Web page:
Ray Dalio, American billionaire investor and founder of one of the world’s largest hedge funds, Bridgewater Associates, told CNBC that the current extended bull market has about “two years left” to run. Dalio’s prescience allowed him to accurately predict the global financial crisis that hit over 10 years ago.
“Generally speaking, we’re in the seventh inning of the cycle,” said Dalio. “We’re at the stage in the cycle where interest rates are being raised. W’re in the later stage, maybe we have two years into the cycle, something like that.”
Backed by a bevy of positive economic data and a stock market that has seen the major indexes like the S&P 500 reach record levels, the Federal Reserve has what appears to be a clear runway towards raising interest rates. In addition, with a revised GDP growth in the second quarter of 4.2%, the economy has grown at a pace not seen since the third quarter of 2014.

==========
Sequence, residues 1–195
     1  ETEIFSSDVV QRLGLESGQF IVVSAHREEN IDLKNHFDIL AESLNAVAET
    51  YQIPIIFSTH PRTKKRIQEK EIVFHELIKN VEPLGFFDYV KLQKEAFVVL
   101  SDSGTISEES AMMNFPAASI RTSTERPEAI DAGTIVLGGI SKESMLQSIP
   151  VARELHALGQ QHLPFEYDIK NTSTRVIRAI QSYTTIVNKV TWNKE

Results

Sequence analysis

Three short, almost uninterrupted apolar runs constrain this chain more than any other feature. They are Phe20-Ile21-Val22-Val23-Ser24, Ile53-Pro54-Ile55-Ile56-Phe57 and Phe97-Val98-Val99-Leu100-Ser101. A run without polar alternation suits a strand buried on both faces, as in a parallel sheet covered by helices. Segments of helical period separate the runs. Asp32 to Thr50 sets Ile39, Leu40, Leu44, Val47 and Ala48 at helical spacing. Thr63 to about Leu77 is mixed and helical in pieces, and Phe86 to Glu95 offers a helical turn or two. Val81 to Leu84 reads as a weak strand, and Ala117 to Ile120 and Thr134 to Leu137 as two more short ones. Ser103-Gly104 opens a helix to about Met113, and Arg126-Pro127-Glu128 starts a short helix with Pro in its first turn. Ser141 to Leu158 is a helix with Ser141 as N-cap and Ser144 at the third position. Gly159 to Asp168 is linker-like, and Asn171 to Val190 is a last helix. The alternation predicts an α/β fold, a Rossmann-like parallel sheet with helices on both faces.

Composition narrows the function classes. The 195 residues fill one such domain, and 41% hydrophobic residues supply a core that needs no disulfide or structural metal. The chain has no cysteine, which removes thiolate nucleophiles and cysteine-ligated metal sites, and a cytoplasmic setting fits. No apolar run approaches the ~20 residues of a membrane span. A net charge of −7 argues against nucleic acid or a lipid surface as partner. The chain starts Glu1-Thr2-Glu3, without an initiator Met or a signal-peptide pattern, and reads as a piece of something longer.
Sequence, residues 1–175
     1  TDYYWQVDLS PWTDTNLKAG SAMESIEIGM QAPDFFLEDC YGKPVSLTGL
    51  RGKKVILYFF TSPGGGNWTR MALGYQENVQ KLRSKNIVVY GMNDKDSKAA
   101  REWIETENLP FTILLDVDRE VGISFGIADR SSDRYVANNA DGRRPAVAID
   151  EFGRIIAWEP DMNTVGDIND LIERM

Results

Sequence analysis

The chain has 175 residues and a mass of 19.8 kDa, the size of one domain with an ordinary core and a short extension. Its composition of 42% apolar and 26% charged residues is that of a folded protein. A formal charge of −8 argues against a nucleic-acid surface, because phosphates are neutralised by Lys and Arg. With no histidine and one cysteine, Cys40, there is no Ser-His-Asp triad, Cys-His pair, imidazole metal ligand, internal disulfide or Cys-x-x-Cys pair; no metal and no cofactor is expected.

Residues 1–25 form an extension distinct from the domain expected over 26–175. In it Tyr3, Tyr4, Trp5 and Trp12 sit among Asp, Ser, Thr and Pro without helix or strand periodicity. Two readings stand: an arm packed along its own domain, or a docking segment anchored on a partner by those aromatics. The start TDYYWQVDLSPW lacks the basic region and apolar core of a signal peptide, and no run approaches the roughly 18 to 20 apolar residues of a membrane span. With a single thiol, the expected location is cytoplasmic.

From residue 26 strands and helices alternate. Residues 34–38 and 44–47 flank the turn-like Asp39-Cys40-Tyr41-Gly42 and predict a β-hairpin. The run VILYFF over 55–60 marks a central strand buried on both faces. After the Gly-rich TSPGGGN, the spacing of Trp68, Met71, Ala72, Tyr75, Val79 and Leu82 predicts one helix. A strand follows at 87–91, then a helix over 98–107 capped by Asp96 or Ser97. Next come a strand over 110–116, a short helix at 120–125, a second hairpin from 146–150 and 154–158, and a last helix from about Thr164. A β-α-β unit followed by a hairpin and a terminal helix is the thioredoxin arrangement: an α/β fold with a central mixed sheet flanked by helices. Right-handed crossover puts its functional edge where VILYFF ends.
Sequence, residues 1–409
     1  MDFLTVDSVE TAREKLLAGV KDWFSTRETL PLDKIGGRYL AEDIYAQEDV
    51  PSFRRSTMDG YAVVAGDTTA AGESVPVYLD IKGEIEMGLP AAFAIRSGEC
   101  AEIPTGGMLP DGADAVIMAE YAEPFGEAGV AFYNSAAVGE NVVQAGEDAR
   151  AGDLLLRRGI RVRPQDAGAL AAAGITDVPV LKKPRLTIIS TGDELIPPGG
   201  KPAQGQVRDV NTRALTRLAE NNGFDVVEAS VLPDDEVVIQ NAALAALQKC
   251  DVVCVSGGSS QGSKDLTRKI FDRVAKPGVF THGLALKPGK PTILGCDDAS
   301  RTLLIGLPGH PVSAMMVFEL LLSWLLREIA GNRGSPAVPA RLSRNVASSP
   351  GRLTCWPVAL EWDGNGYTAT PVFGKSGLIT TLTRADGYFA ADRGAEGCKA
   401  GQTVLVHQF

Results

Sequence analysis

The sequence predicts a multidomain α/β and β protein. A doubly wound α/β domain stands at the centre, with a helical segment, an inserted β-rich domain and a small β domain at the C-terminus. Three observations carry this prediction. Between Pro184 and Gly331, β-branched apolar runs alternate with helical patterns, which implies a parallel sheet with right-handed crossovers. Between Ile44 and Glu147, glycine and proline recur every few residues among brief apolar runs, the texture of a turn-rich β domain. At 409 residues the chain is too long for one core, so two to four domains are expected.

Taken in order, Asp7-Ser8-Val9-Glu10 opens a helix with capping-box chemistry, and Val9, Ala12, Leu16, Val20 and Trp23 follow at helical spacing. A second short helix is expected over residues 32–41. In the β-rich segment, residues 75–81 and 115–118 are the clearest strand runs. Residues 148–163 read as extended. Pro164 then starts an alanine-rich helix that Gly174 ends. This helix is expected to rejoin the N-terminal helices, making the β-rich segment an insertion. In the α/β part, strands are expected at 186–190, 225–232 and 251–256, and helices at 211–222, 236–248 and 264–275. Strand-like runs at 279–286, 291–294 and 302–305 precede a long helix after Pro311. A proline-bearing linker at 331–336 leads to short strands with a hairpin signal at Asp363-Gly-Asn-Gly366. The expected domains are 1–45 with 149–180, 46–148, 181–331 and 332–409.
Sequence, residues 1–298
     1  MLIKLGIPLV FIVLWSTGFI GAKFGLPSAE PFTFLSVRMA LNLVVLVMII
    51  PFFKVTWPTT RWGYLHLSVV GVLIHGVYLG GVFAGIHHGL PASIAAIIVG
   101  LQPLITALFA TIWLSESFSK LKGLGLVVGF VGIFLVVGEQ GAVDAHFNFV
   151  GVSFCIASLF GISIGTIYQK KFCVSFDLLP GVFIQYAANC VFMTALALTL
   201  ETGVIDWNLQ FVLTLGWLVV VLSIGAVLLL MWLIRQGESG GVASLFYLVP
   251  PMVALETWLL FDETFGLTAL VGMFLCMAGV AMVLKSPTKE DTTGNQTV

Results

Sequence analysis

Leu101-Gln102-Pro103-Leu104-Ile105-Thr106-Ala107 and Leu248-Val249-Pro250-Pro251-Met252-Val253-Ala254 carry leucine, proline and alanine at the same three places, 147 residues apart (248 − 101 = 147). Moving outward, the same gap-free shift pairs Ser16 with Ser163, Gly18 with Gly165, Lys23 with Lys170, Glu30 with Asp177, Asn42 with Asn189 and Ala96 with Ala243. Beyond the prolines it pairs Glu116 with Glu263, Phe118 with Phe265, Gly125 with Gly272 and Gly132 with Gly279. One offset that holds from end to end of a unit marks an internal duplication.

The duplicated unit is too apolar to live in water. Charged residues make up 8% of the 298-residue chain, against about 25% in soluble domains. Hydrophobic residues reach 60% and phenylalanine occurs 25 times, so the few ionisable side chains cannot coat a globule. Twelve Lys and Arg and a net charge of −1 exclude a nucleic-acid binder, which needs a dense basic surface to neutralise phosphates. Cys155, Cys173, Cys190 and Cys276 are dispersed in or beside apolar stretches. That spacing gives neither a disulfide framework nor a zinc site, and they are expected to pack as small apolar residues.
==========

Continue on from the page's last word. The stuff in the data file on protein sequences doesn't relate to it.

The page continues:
Adding to that, the latest employment data reveals a robust job market amid the backdrop of an extended bull run in the capital markets despite private payrolls missing its expectations last week–companies added 163,000 jobs in August, which represents a tangible slowdown versus the 217,000 added in the previous month and below the average of 206,000 a month.
Furthermore, this sentiment is paired with an unemployment rate that continues to be at historically low levels.. With a tailwind of data like this, interest rate hikes are looming, which, according to Dalio, is vaguely similar to the recession in 1937.
“We’re coming into the phase where we’re beginning the tightening cycle,” said Dalio, when comparing the current economic landscape to that of 1937.